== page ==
Humans are well-known for being a social species, but did you know that there are also many other animals that live and travel in packs as well. They do this for many reasons — safety in numbers being a big one! But did you know that they also form social bonds with each other? Just like humans form relationships with their friends and family.
From wolves to army ants, let’s take a look at 12 of these animals and see how they benefit from living and traveling in groups.
Of course, we had to start with wolves — these are probably the most iconic animals that live and travel in packs. These famously social creatures live, travel, and hunt in packs of anywhere from two to 30 members. A wolf pack is structured with a complex social hierarchy, with the alpha wolves leading the pack. And while each wolf has its own personality and role within the pack, they’re all fiercely loyal to one another — so much so that if a member of the pack dies or goes missing, the remaining wolves will search for them until they’re reunited.
Living in a pack provides companionship as well as protection from predators. However, the pack’s cooperation and teamwork truly shine during a hunt. Each wolf has an important part to play when hunting, whether it is the younger wolves who observe and learn from a distance, the speedy wolves that herd and confuse the prey, or the slow but powerful wolves that ultimately attack the animal.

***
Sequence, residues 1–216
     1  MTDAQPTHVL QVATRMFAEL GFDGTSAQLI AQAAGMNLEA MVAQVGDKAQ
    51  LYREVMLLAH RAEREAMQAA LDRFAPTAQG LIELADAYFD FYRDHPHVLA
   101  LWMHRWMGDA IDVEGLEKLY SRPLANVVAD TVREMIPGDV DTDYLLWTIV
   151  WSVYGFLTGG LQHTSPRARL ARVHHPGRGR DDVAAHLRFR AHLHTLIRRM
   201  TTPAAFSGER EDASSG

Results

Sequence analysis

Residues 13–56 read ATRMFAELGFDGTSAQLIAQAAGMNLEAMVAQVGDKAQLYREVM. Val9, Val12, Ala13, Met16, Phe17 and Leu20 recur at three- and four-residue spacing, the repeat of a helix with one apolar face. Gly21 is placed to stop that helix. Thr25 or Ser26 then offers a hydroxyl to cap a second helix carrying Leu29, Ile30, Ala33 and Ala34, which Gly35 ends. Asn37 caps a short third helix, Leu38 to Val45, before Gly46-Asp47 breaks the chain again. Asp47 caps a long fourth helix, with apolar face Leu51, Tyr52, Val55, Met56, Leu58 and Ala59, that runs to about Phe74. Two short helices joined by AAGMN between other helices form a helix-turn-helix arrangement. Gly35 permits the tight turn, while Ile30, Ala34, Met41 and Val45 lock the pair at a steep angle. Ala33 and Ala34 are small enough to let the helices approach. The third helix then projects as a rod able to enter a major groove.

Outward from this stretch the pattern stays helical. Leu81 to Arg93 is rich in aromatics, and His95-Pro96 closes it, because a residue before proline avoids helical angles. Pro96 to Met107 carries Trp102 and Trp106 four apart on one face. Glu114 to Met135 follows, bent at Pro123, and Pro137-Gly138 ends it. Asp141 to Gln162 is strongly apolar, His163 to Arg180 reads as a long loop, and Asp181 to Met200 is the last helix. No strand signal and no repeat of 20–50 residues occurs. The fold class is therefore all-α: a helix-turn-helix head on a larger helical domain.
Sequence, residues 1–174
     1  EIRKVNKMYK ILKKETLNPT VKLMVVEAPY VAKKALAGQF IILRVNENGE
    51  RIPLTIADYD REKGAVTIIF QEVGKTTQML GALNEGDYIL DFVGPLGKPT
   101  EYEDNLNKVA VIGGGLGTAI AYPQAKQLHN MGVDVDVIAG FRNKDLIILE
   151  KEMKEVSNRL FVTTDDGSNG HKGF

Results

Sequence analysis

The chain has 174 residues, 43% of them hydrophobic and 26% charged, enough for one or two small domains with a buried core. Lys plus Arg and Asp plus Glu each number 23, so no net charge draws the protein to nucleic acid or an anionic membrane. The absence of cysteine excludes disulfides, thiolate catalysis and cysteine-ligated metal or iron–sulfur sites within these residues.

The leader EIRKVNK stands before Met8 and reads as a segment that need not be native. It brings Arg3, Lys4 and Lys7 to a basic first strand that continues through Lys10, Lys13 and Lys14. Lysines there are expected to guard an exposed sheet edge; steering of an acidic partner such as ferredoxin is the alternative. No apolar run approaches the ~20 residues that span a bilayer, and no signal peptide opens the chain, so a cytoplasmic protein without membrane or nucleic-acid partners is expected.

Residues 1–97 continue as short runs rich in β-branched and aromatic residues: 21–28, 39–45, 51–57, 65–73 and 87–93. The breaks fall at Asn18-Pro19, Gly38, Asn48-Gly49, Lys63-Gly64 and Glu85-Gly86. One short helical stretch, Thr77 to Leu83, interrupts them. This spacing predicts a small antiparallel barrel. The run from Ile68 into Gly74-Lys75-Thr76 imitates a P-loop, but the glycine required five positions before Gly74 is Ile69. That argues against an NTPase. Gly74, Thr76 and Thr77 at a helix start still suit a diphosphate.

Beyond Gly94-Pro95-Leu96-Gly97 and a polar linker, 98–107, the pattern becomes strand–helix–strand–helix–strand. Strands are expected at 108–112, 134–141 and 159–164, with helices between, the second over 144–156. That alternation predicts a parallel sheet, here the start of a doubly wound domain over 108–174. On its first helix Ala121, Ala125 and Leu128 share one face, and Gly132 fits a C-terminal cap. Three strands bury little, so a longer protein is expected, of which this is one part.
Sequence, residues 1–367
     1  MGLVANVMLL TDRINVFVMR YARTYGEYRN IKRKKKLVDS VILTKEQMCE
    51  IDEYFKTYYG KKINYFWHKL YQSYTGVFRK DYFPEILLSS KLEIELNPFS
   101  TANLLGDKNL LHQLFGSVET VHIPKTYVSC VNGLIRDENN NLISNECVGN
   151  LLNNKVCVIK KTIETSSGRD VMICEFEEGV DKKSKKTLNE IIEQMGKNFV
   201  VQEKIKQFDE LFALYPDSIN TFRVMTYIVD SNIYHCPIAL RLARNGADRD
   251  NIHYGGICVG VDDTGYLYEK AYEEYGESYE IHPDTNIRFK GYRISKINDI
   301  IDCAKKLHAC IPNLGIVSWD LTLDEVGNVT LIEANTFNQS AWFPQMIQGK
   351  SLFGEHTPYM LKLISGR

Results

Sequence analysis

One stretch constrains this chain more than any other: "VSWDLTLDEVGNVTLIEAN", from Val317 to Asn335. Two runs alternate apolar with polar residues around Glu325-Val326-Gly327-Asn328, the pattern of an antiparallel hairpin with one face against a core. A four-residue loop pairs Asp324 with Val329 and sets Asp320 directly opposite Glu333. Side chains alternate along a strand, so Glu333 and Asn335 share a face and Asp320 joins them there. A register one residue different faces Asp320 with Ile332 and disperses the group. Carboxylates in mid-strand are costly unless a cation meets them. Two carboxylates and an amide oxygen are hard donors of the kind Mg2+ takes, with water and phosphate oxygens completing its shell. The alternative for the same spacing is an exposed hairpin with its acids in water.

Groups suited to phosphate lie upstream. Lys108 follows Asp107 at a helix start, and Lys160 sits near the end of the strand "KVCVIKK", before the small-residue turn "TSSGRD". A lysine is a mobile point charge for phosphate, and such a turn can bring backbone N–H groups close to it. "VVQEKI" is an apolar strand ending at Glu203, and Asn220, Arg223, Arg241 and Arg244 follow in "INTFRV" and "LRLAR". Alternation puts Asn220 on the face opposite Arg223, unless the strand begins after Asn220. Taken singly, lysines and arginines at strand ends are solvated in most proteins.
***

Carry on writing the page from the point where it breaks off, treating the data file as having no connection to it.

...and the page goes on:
A pack or “pod” of dolphins can range from just a few to hundreds of individuals. Like wolves, dolphins benefit from living in groups; they have greater success hunting for food and fending off predators. Dolphins work together in their pod to surround and corral fish, often swimming in a line and slapping their tails against the water’s surface. This causes vibrations that scare the fish into moving toward shallow waters where the dolphins can easily catch them for food!
This cooperative behavior shows just how intelligent dolphins are when traveling in packs. But, of course, this also requires some amazing communication skills. To communicate, dolphins use a variety of noises, including whistles, clicks, and squeaks that can travel up to two miles! These noises help them stay in contact with each other while searching for food or swimming together. They also have an incredible ability to recognize one another by using their own individual vocal signatures.
Also known as killer whales, orcas can weigh 6 to 8 tons and grow over 25 feet long. Despite their large size, orcas are very social creatures that live and travel in packs of up to 40 individuals called “pods.” Because they are such large animals, orcas need a lot of food to survive. They travel in groups so that they can share in the bounty (and work) of hunting and gathering food.